An excerpt from "Strength for Tough Times" (pages 33-36)
Blessings in Disguise
By Maria M. Kneas
“...put on tender
mercies, kindness, humility, meekness, longsuffering;
The Apostle Paul wrote the Colossians a pastoral letter giving them some practical instructions in how to develop Godly character. These are guidelines which apply to all Christians, including us. They are based on our relationship with Jesus Christ. (Colossians 3:1)
An important aspect of this is setting our minds “on things above, not on things on the earth.” (Colossians 3:2) We need to see things from the perspective of Heaven and eternity — as opposed to being primarily focused on what things look and feel like right now, down here on earth.
Paul tells us to “put to death” and “put off” various kinds of carnal behavior that are sinful and destructive. Among these are sexual immorality, covetousness, anger, and lying. (Colossians 3:5-10) Then he tells us how Christians should live. He says,
“Therefore, as the elect of God, holy and beloved, put on tender mercies, kindness, humility, meekness, longsuffering; bearing with one another, and forgiving one another, if anyone has a complaint against another; even as Christ forgave you, so you also must do. But above all these things put on love, which is the bond of perfection. And let the peace of God rule in your hearts, to which also you were called in one body; and be thankful.” (Colossians 3:12-15)
Paul sums it all up by saying,
“And whatever you do in word or deed, do all in the name of the Lord Jesus, giving thanks to God the Father through Him.” (Colossians 3:17)
If we can’t add “in the name of Jesus” to what we say — without dishonoring the Lord by doing it — then we shouldn’t say it. Similarly, if we want to do something that Jesus would not want to have His name be associated with, then we shouldn’t do it.
How can we become people who live like that? How can we act that way consistently enough for it to become a normal, habitual part of our life?
When people want to build up physical strength, they need to work against resistance. That’s why people lift weights and do isometric exercises. The process can be uncomfortable at times. That’s why there is the saying, “No pain, no gain.”
The same principle applies to building Godly character. In order to develop patience, we need to be put into situations where patience is required. That gives us the opportunity to develop our “patience muscles.” In order to become more forgiving, we need to have things to forgive. That enables us to strengthen our “forgiveness muscles.”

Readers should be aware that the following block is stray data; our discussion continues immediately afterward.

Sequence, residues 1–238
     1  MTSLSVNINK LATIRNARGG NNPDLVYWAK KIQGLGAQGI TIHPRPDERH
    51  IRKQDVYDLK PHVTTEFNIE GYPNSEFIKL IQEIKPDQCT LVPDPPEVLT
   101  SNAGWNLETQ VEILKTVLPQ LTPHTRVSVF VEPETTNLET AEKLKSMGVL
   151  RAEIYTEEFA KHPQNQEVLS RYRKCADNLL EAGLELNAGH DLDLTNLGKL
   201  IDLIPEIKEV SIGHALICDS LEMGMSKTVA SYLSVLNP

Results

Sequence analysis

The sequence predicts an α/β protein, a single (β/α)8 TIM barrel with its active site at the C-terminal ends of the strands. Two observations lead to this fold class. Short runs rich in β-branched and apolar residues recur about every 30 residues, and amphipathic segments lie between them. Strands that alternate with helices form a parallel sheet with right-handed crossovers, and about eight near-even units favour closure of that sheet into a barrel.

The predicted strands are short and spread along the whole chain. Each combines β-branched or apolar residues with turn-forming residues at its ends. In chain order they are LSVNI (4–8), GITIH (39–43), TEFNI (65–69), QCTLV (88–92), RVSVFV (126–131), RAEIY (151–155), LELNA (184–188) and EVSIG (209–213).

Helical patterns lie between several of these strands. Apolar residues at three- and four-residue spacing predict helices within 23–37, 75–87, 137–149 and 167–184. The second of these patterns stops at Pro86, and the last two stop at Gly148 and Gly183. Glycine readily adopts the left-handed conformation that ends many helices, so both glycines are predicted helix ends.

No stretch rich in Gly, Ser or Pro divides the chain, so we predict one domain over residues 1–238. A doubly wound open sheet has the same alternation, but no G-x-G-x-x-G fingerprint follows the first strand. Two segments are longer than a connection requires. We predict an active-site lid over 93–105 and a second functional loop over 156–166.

In order to become more loving, we need to have people in our lives who are difficult to love. Sometimes that can be quite challenging. When it is, we can ask God to change our hearts and give us His love for those people.
Charles Spurgeon wrote about the importance of loving our neighbors. When discussing the problem of loving difficult people, he said,
“So much the more room for the heroism of love. Wouldst thou be a feather-bed warrior, instead of bearing the rough fight of love? He who dares the most, shall win the most; and if rough be thy path of love, tread it boldly, still loving thy neighbours through thick and thin.”
Such trials enable us (by God’s grace) to develop character qualities which will bear good fruit for eternity. If we can get a vision for the valuable end results, then we will be able to see each trial as being helpful. That will enable us to “count it all joy” — to consider it something to be grateful for, rather than a problem to endure. The Apostle James said,
"My brethren, count it all joy when you fall into various trials, knowing that the testing of your faith produces patience. But let patience have its perfect work, that you may be perfect and complete, lacking nothing.” (James 1:2-4)
Our trials here on earth are so brief compared with eternity. We can ask God to give us that eternal perspective, so that we see them as He does. Then we will be able to understand and appropriate the following statements of the Apostles Peter and Paul:
"Beloved, do not think it strange concerning the fiery trial which is to try you, as though some strange thing happened to you; but rejoice to the extent that you partake of Christ’s sufferings, that when His glory is revealed, you may also be glad with exceeding joy.” (1 Peter 4:12-13)
Therefore we do not lose heart. Even though our outward man is perishing, yet the inward man is being renewed day by day. For our light affliction, which is but for a moment, is working for us a far more exceeding and eternal weight of glory, while we do not look at the things which are seen, but at the things that are not seen. For the things which are seen are temporary, but the things which are not seen are eternal." (2 Corinthians 4:16-18)
1. Charles Haddon Spurgeon, Morning and Evening
(Peabody, Massachusetts: Hendrickson Publishers, Inc., 1991), p. 144.
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